Io sto vivendo in una caverna.

English Translation

I’ve been living in a cave.

This sentence has been occupying me for a while now, since I guess it shows there is indeed no linear match between all the possible tenses in English and Italian, with no direct equivalent here existing for the English present imperfect continuous tense.

Without any context I would interpret the Italian sentence as “I am living in a cave”, and actually, I guess there’s nothing really wrong with that, since the present imperfect continuous tense used in the English sentence also shows that it is still a currently ongoing activity/state, so it is still true, and the person who is currently living in the cave will have been living there for a while too, since you’re talking to them now, and they’re not saying “I’m going to be living in a cave”, “I have just moved into a cave”, or “I am in the process of moving into a cave”.

Still, it’s been bugging me a little for some strange reason. [Mi sta preoccupando ;-)]

At least, in addition to the very helpful easitalian website describing the various Italian tenses I had already discovered before, it lead to the happy discovery of the Collins Grammar Dictionary being easily accessible online too.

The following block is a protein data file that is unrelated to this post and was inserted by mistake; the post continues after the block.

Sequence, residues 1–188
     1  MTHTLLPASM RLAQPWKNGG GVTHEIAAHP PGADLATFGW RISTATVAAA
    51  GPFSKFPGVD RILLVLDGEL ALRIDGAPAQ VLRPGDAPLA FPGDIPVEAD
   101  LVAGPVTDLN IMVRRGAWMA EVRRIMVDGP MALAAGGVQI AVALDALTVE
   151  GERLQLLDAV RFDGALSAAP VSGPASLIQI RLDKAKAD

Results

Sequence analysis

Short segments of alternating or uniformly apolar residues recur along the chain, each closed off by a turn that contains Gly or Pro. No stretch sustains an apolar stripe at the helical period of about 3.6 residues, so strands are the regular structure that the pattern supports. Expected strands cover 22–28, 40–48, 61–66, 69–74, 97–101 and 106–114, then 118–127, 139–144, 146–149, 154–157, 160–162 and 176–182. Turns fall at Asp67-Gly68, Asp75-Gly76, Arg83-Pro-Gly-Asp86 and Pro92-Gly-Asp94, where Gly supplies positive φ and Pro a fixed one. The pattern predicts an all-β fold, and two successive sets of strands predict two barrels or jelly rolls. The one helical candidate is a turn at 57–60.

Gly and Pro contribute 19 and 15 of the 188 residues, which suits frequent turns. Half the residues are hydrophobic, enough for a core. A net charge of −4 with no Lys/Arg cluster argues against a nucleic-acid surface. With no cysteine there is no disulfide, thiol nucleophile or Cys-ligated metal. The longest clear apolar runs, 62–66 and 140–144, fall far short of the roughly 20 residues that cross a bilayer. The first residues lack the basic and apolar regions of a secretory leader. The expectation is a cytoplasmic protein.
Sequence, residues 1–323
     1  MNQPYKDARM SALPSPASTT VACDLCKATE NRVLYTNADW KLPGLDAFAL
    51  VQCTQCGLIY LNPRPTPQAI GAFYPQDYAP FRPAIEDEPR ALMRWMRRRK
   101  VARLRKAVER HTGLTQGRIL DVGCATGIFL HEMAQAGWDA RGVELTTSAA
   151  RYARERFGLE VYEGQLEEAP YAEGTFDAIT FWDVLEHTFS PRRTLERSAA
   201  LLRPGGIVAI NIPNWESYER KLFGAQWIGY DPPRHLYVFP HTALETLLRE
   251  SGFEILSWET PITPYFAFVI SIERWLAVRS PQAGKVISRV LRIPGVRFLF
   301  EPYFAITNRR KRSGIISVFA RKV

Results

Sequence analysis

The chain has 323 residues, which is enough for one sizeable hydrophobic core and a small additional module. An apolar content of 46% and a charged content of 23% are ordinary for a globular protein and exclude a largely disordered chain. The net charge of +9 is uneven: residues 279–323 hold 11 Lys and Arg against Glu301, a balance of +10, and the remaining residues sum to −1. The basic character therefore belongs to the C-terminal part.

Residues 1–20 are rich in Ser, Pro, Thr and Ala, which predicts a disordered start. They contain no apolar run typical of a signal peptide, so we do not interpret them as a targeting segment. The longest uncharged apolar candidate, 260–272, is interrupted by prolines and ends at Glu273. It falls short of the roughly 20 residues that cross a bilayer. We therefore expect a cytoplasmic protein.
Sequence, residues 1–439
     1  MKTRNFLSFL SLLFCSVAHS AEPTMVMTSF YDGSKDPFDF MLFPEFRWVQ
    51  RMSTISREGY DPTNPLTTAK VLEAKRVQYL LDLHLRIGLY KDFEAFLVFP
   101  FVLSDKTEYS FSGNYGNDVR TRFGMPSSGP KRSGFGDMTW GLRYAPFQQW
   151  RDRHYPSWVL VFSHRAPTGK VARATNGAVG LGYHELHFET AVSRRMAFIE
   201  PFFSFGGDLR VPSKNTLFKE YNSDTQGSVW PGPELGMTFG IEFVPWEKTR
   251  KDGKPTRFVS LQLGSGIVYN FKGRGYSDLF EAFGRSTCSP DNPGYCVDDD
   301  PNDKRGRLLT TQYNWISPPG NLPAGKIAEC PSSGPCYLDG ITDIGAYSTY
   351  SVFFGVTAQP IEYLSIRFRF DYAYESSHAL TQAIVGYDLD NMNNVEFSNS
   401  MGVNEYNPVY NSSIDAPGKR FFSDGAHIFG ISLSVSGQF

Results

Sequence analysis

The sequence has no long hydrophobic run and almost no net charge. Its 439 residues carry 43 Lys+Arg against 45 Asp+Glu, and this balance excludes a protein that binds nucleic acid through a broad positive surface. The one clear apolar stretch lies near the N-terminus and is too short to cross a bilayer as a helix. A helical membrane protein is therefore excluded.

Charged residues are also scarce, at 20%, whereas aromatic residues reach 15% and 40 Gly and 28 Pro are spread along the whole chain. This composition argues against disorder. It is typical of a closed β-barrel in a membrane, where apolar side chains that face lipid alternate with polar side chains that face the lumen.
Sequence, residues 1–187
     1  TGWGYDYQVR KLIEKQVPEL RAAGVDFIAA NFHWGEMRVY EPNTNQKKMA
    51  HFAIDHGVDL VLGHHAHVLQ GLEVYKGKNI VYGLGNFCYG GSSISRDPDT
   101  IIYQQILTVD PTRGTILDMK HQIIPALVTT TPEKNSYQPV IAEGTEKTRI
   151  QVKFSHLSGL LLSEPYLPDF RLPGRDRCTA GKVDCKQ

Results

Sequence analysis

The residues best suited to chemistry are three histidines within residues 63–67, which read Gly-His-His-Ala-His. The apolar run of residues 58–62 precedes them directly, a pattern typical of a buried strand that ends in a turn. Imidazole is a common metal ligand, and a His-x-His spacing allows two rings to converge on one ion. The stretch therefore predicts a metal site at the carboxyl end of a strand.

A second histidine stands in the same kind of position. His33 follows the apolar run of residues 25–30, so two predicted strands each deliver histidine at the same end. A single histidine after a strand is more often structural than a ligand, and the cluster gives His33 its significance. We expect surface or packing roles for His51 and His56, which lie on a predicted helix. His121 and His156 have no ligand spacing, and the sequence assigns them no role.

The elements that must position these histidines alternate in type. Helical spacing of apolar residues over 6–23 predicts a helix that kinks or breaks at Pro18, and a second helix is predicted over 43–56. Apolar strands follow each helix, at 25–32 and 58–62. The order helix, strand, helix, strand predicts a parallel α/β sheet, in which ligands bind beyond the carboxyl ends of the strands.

Ouch. I see your point. This clearly says “Me, I’m living in a cave”.

Vivevo in una caverna - I was living in
Ho vissuto in una caverna - I had been living in/I lived in
Sto *per vivendo in una caverna - I am about to live in…

Bravo Collins;-)


But do the English and the Italian sentence really match?

Ciao. I still read this, as “I am living in a cave”. For *I have been living in a cave, I would have written *Ho vissuto in una caverna.

Could one also write *Stavo vivendo…? I was living… I had been living…

Mamma mia, I really don’t know which is preferable :thinking:

The tenses do not match completely, but there is no way to convey the exact meaning of the English sentence in Italian by verb conjugation alone. At least, none that I can think of at the moment.

You can qualify the Italian sentence like “È da un po’ che sto vivendo in una caverna” (or even “che vivo in una caverna”, the indicative present can be used for ongoing actions too). This is a way to convey that the action ongoing now started some time ago.

“Ho vissuto in una caverna” suggests that I am not currently doing so.


Very interesting! Lacking context, I wasn’t thinking about the person still living in the cage: “I see you’re back in town. Where have you been?” “I’ve been living in a cave.”

Sono stato vivendo in una caverna [?]


:smiley: Sadly it does not work that way…

However, in your new example “Ho vissuto in una caverna” would be the right translation.